The opening episode is the best thing about it
We need a sharper cliché than ‘eagerly anticipated’. Delayed more times than Frank Sinatra’s retirement, the latest James Bond film bears a responsibility no smaller than opening the world to post-pandemic liberation. No pressure.
We just need you to reassure us that Armageddon has been avoided (in the real world and on screen). If that’s too much, just show us explosions, expensive cars, and beautiful kissing couples. We missed it all.
No Time to Die certainly answers that eternal Bond briefing. One need only take a look at the runtime – longer than 2001: A Space Odyssey, longer than the next “epic” Dune – to conclude that this is the more Leap you might ask. The pre-credit streak lasted just long enough for Roger Moore to kiss a flight attendant, drink a quart of champagne and ski jump off a mountain. Here, it takes Billie Eilish nearly half an hour to deliver what is now an old-fashioned title song.
As was the case with Specter, the opening episode is the best thing about the movie. Following a pre-pre-credit streak (trust me, the most Bond already) we find the retired agent living in an improbable marital happiness with the boffin Dr Madeleine Swann (Léa Seydoux, still not smiling). Well, that was never going to last.
Surviving an explosion, Bond leaps into his Aston Martin and dodges further efforts of annihilation in the loudest way imaginable. Older owners of the Corgi version of this car will feel transported to the blue hills that are remembered. Older owners of thumb soundtrack albums will savor a well-chosen cover of an earlier theme song. Cary Joji Fukunaga leads the action with lots of flavorful crunch and some unsettling splash.
Then, alas, No Time to Die goes out for a while. We’ve never given much thought to the intrigue of these things, but they’re usually composed with a little more discipline. Felix Leiter (Jeffrey Wright), Bond’s old friend at the CIA, arrives with news of a missing scientist who was working on deadly nanotechnology. The two compete with our hero’s former venture to get the nerd back and, in the process, run into madman Blofeld (Christoph Waltz) and his deranged minions in Specter. And blah, blah, blah.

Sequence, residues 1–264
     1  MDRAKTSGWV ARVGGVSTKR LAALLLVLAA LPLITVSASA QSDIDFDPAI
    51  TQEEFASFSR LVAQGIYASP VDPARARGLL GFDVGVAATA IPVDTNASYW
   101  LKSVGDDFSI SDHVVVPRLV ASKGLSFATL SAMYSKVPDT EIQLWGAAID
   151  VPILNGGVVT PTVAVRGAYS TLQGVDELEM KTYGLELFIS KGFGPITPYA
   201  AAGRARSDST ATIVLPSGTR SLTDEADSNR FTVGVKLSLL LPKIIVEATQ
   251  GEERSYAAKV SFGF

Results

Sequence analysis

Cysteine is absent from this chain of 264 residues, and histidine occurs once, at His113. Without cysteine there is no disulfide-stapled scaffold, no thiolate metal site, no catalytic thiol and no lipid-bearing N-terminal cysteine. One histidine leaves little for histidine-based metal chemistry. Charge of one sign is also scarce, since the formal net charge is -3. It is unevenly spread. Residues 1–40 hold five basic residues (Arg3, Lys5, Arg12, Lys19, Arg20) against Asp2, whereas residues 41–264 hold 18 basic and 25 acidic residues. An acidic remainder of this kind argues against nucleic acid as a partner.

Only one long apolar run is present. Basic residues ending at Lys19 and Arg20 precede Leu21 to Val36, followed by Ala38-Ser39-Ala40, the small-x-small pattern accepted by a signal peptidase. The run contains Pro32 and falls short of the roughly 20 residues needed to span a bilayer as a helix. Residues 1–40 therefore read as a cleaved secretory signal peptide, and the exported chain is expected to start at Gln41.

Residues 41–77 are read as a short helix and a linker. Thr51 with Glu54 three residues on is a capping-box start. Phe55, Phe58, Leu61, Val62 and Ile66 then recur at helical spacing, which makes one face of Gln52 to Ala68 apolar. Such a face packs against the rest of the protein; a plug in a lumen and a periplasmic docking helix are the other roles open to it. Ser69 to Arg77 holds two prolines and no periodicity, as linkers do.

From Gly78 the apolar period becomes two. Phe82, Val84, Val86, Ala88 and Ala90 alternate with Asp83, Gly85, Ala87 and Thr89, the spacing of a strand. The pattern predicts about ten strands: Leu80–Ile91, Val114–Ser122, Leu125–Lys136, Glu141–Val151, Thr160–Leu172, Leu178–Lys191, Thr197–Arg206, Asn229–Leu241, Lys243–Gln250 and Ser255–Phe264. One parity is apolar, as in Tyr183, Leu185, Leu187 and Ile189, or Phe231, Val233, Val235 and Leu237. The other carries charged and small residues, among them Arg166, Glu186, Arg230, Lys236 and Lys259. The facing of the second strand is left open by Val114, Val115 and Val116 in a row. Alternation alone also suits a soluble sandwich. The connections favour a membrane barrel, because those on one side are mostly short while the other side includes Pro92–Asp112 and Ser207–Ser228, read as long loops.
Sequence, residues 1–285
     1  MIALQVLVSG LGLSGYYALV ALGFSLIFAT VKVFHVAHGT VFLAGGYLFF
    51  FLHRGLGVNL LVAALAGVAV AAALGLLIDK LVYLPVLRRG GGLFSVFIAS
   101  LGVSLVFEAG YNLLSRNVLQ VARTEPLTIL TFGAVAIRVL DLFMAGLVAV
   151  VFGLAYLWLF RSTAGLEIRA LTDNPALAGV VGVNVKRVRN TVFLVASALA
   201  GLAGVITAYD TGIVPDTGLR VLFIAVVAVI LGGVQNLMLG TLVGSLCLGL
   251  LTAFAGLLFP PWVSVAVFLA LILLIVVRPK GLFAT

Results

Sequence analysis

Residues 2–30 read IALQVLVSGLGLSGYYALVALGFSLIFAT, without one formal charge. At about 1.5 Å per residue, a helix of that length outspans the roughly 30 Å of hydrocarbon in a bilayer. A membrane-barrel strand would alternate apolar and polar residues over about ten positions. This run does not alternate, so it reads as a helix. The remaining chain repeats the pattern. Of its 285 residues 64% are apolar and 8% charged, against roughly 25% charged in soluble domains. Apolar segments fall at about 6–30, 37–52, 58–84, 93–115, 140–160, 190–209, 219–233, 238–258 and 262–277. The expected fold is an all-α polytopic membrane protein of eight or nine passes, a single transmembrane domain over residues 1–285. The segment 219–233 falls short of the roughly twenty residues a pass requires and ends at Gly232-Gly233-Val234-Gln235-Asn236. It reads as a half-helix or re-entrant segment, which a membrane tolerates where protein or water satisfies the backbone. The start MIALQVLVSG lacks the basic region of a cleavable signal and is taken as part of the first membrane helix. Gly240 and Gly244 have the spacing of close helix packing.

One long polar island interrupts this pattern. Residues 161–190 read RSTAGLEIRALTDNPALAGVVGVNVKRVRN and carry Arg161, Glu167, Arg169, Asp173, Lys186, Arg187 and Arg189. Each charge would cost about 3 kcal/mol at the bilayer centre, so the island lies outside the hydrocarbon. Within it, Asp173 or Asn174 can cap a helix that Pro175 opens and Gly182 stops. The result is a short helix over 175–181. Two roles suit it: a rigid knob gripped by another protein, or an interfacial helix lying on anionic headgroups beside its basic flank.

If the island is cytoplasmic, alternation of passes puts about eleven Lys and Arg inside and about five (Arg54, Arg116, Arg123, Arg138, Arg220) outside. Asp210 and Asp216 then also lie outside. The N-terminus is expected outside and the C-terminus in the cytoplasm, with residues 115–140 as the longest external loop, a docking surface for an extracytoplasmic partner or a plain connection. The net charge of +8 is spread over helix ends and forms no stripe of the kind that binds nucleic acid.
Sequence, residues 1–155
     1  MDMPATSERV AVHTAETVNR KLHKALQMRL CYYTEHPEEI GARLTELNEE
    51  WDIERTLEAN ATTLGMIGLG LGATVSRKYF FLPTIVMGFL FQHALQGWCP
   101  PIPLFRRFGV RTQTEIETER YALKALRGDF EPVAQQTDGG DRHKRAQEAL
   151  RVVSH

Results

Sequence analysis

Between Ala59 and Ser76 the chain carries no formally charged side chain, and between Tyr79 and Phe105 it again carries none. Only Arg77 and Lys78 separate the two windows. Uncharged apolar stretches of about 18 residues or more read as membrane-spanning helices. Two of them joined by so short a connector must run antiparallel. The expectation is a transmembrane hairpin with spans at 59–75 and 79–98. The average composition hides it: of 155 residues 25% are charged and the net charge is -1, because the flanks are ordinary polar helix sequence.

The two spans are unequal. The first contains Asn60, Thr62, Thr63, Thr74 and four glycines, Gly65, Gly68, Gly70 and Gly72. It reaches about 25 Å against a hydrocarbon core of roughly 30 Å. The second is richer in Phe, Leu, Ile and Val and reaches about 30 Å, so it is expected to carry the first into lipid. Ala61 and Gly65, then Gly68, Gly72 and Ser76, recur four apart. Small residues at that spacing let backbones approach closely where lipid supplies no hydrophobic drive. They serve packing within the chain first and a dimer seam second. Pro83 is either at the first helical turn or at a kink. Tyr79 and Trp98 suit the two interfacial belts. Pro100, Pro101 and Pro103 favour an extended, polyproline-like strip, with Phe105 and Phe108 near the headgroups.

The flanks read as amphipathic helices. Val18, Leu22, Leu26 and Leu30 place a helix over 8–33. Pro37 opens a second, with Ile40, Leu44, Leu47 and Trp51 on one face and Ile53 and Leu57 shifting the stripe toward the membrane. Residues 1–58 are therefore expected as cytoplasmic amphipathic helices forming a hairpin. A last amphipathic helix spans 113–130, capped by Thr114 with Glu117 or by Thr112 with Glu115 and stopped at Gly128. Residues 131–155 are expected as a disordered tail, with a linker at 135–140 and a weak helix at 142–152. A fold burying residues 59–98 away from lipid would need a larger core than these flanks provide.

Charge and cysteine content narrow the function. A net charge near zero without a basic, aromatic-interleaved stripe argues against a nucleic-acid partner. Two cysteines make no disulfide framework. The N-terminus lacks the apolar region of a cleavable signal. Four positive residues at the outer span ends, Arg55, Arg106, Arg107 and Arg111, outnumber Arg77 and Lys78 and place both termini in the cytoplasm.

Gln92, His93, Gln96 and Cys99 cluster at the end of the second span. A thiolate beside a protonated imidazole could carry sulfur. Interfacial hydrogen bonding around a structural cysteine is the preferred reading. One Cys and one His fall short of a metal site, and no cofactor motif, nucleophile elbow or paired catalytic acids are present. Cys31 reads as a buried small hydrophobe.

The dastardly plot is used as a vehicle to take us from familiar tropes to more contemporary variations of Bond’s now ancient mechanics. No one will mistake No Time to Die for feminist work, but women are given agency and character.
As you probably already know, during a tasty “boo-hoo, it’s all gone“ woke ”crowd search, the designation“ 007 ”was, while Bond was away, picked up by a black woman. (the charismatic Lashana Lynch). “Send 007. You can go, Bond,” M (Ralph Fiennes) said at one point. It works. Madeleine is Bond’s equal in other ways. It also works.
All of this makes Ana de Armas’ underuse more special. Appearing briefly in a Cuban episode, the talented actor appears to have been chosen solely to provide purists with something like an old-fashioned “Bond Girl”. Will the outgoing incumbent succeed with it? It would be a waste. But it’s safe to say that while he’s always happy to topple an opposing minion with barely a qualm, James Bond is more open to emotional connections with his romantic partners than at any time since On Her Majesty’s Secret Service. .
Even an actor as good as Craig has a hard time making sense of this more sensitive and shared version of Bond. Too many opposing cogs creak in a psyche that has never been very comfortable with contradiction.
Then, towards the end, it comes in such a moving form that only the most awkward customer will leave unsatisfied. Little credit goes to Rami Malek, whose villain is nothing more than a ready-made megalomaniac. Waltz again fails to flesh out this version of Blofeld.
But the rest of the team rally for – unless Craig changes his mind again – a satisfying greeting to the Bond Dynasty’s longest reign to date. Now put on your back for six months of reflections on the “next James Bond”.
Release September 30